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Finally, quantum dots (QD) obtained from cadmium, zinc, selenium, telerium, and sulfur present a huge potential for imaging applications because of high fluorescence emission properties compared to traditional fluorophores, with a wide excitation and narrow emission window and resist photobleaching.559 The surface of QDs is usually composed of ZnS. The presence of ZnS can be easily modified by thiol terminated polymers.560 Thiol compounds can enhance the fluorescence of QDs by an order of magnitude.560 However, the interactions between thiol and QDs can be displaced by other thiols resulting in a loss of stability of QDs in biological media.561 For this reason, other strategies have been proposed to modify QDs. Liu et al.561 attached polymer-functionalized imidazole at the surface of QDs. The strong affinity of imidazole to QD surfaces resulted in the formation of inorganic/organic nanoparticles stable in biological media over a large range of pH. Emrick and coworkers562 synthesized a phosphine-functionalized RAFT agent able to bind onto QD surfaces. RAFT polymerization was successfully performed with a large range of monomers, such as styrene, methyl acrylate and butyl acrylate.

POLYMERS FOR BIOAPPLICATIONS

  1. Top of page
  2. Abstract
  3. INTRODUCTION
  4. RAFT POLYMERIZATION
  5. SYNTHESIS OF WELL-CONTROL POLYMER ARCHITECTURE USING RAFT POLYMERIZATION
  6. NANOMATERIAL SYNTHESES
  7. POLYMERS FOR BIOAPPLICATIONS
  8. SURFACE MODIFICATION
  9. CONCLUSION ON THE FUTURE OF RAFT POLYMERIZATION FOR NANOMATERIALS
  10. Acknowledgements
  11. REFERENCES AND NOTES
  12. Biographical Information
  13. Biographical Information
  14. Biographical Information

Protein/Peptide Polymer Conjugates

The modification of proteins using a polymer can improve their stability, bio-distribution and half-life time in the body.563 Protein PEGylation is now well established as a commercial approach to improve protein therapy,564–566 as demonstrated by Duncan.567, 568 In addition, the attachment of polymer onto protein can change the protein properties, such as enzymatic activity.

PEGylation technology has been extended to other synthetic polymers to get additional benefits, thus poly(NIPAAm) has been used.569, 570 Early approaches to polymer-protein conjugates used a “grafting onto” method (Scheme 22). Polymers were presynthesized by free radical chain transfer polymerization or by ionic polymerization yielding functional polymers, which were subsequently attached to proteins. Polymers prepared in this way suffered from disadvantages such as poor end group fidelity, molecular weights, and relatively broad PDIs.571 With the emergence of controlled radical polymerization, well-defined polymers became easily accessible for conjugation to proteins or peptides.565 Haddleton,572–576 Maynard and coworkers577–579 exploited functional polymers obtained by ATRP to yield protein-polymer conjugates, with a relative high purity. Polymer modification at specific sites on a given protein is required to maintain protein activity, for example, biotin modified polymers were generated using ATRP580 or RAFT initiators232, 581 or by modification of RAFT polymers,182, 198, 270, 272 for successful conjugation to avidin without altering protein structure.581 CAMD researchers and others have developed a range of functional RAFT agents able to control a range of monomers for the modification of proteins, such as lysozyme214, 582–584 or BSA.185 In the case of lysozyme, the presence of primary amines on its surface can be exploited to attach polymer bearing by aldehyde575 or activated esters, such as NHS,585 mercaptothiazoline214 or pentafluorophenyl activated esters.183 However, the activity of proteins is often diminished by the conjugation process,586 leading CAMD to develop a strategy for biodegradable bioconjugation allowing for a balance between polymer protection and the bioactivity of the protein.58221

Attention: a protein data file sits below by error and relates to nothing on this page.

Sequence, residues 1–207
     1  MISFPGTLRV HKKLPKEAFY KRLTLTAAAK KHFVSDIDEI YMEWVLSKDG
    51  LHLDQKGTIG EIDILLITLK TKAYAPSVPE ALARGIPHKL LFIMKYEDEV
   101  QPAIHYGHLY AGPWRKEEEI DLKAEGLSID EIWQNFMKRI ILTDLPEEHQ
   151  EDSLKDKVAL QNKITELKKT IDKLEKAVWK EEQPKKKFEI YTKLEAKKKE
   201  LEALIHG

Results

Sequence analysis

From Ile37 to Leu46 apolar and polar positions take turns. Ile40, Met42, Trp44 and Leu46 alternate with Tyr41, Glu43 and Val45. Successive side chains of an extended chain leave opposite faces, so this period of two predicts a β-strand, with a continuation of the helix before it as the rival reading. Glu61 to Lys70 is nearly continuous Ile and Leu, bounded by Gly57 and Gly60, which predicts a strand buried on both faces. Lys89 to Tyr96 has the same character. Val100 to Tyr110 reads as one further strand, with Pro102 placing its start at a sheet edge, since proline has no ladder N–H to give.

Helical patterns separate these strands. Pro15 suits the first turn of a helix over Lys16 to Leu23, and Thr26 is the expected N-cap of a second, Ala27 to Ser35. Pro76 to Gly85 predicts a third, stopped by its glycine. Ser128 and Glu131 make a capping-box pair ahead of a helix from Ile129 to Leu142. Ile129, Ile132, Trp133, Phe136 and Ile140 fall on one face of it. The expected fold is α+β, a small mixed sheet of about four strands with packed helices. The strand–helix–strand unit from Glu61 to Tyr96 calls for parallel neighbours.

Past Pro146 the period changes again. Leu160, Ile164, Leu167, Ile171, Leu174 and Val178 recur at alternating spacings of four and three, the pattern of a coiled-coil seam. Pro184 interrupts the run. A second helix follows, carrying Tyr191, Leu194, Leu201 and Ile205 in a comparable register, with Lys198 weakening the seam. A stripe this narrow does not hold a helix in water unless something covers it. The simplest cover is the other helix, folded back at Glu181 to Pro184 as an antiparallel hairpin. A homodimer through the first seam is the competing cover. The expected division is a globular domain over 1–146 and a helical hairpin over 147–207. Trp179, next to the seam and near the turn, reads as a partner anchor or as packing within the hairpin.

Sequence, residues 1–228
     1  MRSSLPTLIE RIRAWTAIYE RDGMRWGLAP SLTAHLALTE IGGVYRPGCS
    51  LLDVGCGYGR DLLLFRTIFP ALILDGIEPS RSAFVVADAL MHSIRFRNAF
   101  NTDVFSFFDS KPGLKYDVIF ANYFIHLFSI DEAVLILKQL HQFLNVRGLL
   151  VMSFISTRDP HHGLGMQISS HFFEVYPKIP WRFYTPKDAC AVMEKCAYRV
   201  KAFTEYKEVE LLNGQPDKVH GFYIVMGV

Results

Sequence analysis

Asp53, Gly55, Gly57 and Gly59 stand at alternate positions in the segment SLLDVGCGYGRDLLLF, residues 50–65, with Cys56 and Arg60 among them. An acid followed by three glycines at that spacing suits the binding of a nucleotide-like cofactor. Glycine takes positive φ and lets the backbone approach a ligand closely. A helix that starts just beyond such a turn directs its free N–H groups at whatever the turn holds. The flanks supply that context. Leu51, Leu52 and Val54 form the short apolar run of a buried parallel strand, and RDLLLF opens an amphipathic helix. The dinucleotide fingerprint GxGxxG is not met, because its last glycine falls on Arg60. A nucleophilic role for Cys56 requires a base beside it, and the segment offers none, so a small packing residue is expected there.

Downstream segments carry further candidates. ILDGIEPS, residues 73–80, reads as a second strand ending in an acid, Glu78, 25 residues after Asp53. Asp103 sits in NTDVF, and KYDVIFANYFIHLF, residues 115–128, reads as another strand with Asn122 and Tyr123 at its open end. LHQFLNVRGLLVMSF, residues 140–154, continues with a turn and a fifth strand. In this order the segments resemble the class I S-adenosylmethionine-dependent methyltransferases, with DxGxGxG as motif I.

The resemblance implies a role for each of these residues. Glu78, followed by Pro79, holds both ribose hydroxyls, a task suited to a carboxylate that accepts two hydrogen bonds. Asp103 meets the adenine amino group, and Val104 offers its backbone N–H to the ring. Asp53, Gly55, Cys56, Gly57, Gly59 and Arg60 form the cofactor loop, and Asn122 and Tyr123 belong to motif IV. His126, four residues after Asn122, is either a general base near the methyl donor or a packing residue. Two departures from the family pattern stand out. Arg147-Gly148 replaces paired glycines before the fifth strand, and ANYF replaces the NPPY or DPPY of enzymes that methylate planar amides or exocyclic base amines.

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Scheme 21. Groups can be used to anchor polymers on IONP surfaces.

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Scheme 22. Modification of protein using grafting from (A) and to (B) approaches.

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Hoffman and coworkers587 reported on the modification of a thiol-terminal long peptide (used as an anticancer drug) using a PDS-terminal RAFT polymer. An in vitro study proved that the peptide polymer conjugates presented superior stability over the native peptide.

Recent work on polymer bioconjugation has been focused on more complex conjugates incorporating more than one biomolecule.168, 185, 229 Physiologically, protein activity can be regulated by the presence of another protein (or biomolecule). CAMD researchers synthesized heterofunctional polymers bearing azide and pyridyl disulfide termini,185 for conjugation to, BSA and avidin. In this approach the RAFT functionality is retained in the structure which may lead to cytotoxicity or immunogenic responses (dependent on the specific chemistry involved).588 Maynard and coworkers229 synthesized monofunctional biotin polymers using RAFT polymerization followed by the elimination of the RAFT end group using a radical cross-coupling reaction inspired by Perrier et al.279 yielding a heterofunctional polymer with one end terminated by biotin and the other end by maleimide function able to bind with streptavidin and BSA.229